Rules of engagement

In a recent exchange of opinion on another blog I was accused of building a Straw Man, but I stuck one up my opponent by proving that he had used arguments Ad Hominem. Touche!

(This proves that both me and my opponent are very clever chaps and that we both understand the classical laws of logic - see!)

Regardless of the merits of what He said or what I said or what He said I said which I didn't say and vice verca, are these classical rules of engagement important in the modern political arena?

If a fallacy of argument helps you to get one over on your political opponent and helps to kick him square in the goolies - what's wrong with using it?

And isn't appealing to the rules itself a fallacy of argument? - In being a diversion from the issue in question to an issue of the rules of engagement!

Do other bloggers, writers of letters to the editor or commentators on politics in general really rate these rules?

Should they be obeyed?

Or should they be abused, with a passion, in order to advance the cause?

(NB This post is not an admission that I have used fallacies of argument against anybody! As if I would! It is just a general question!)


  1. I think most arguments use straw targets, in the sense that they either attribute false or simplistic positions to their opponents in order to refute them, or they radically exaggerate or simplify that position in order to make it appear untenable or impracticable. Or they extend the opponent's position on one topic into other topics where it may not work.
    Most forms of philosophical dialogues, from Plato onwards, use them, and certainly all politics does.
    Second rate cultural and political commentators use straw targets too to set up an already discredited position, which they then attack as if it were generally held, in order to look intelligent and strong as they knock it down.
    An example of a straw target use would be a Western Mail reporter (let's call him David Williamson) writes and article claiming that a lot of people don't believe that bears shit in the woods, and that these sylvan-excrement-sceptics (the 'straw targets' in question) are a genuine barrier to full understand of woodland issues. He then writes a piece forcefully putting an irrefutable case, largely copied from existing research, in favour of densely-wooded areas being the bear's preferred defecatory location, and waits for the applause.
    (That or a letter from Dr John Etherington complaining about how windfarms are a threat to woodlands right across Wales, and blaming them for the extinction of bears.)
    D Rodway, Cardiff

  2. Damn these so-called rules of engagement... I waste far too much of my time at the Guardian's CommentisFree site and have grown to despise the rhetorical style of argument there... Stick yer ad hominens up yer straw man's arse say I.

    Such 'rules' are fine in the world of logic and philosphy (from where I believe they are derived) but what do they really say about the ACTUAL strength of a proposed policy on, say, bear defecation exclusion zones. Bugger all I reckon.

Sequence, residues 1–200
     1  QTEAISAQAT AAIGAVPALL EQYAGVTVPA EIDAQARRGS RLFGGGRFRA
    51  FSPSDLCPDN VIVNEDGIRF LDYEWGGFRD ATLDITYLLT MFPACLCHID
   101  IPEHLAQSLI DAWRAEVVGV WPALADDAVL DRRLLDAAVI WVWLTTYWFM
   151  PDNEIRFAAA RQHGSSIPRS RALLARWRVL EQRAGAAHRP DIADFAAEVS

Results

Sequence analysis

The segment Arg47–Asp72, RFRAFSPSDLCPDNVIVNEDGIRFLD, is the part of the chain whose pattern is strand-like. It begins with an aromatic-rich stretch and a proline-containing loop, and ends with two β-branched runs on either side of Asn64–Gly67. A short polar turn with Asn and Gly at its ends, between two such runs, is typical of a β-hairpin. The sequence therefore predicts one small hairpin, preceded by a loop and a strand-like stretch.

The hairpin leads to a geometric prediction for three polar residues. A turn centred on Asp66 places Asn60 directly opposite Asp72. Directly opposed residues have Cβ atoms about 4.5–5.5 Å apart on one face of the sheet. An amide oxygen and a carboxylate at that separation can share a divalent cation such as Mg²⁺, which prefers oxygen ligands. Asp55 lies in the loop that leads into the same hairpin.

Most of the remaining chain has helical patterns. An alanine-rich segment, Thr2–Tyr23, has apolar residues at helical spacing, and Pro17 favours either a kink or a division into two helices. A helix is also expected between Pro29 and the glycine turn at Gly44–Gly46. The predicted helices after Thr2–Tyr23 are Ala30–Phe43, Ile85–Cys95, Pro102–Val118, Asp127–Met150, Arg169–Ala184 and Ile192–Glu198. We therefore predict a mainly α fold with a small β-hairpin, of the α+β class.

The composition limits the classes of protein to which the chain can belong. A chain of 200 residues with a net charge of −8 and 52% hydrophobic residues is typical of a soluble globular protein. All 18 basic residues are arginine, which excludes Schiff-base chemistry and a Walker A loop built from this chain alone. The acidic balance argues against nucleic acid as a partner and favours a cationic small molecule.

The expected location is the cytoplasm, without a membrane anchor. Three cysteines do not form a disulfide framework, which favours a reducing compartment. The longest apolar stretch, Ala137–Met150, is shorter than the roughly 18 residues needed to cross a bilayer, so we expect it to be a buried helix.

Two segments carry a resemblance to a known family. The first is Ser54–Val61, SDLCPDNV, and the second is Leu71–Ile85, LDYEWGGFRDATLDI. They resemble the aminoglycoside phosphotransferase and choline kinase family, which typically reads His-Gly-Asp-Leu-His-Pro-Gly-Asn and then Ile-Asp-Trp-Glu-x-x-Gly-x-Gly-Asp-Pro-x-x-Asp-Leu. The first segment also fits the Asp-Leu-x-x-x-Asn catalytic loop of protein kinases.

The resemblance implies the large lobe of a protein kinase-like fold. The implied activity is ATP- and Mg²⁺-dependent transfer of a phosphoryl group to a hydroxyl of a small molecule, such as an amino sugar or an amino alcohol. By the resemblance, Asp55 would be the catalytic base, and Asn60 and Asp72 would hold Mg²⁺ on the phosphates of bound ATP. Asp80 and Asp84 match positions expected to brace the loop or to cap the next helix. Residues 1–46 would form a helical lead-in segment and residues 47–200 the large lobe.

All politics and economics act on and are acted on by human behaviour, when you find a human being who operates entirely by the rules of logic please frame them for me.

    Sorry for wimbling away on yer blog, which I just found through blogcymru.

    Hope yer well and all that.

    The Cardiff Drunk

  3. Fuck em Alwyn - make and play by your own rules

  4. In my discussions/debates with people. I don't expect them to agree with me and I love to hear their opinion whether or not it agrees with mine.

    What is most important that the two parties treat each other with respect. Regardless of my initial viewpoints on what someone says. I will always take the views away for consideration.

  5. DR - you missed out a letter from Dr Christopher Wood about how Wales should patent its bearshit, and one from Gwilym Levell about how Welsh-speaking bears want a woodland republic.

  6. If a fallacy of argument helps you to get one over on your political opponent and helps to kick him square in the goolies - what's wrong with using it?

    Are you seriously suggesting this, Alwyn or are you winding us up?

    Happy New Year.

  7. Are you seriously suggesting this, Alwyn or are you winding us up?

    Most of the posts on this blog are wind ups - I hope that the moniker that I use emphasises that point!

    But if a Straw man or an ad hominem leaves an opponent in a state of not liking it up 'em what's wrong with that?

    If one wants to be serious about the point:

    Since the days of Punch 150 years ago the political cartoon has been an effective way of challenging the ruling classes. Cartoons are rarely fair argument; they are usually over simplifications of the protagonists case coupled with rude caricatures of the protagonists personality. They brake all rules of "fair engagement" - but they have proved much more effective than many a disciplined argument in bringing errant politicians down.

    If it's good enough for the respected cartoonist, why isn't it good enough for the common blogger?

  8. The internet tramples of decent debate in some many different ways, so I think rules of engagement are now a thing of the past.

    Consider anon trolls on political blogs, who seem the only ones who throw insults – I bet they are merely political staff being sneaky and point scoring.

    Straw men are ever more important for opinion formers in such a fragmented society we now live in, they provide simple and clear stereotypes for people to digest in sound bites and news bulletins. I am not saying that is a positive development, but how can you crystallise information when it is so infinitely available via the internet?

    I recommend Drew Westen’s book, which is lucid in the way it describes how our brain responds to simple political messages…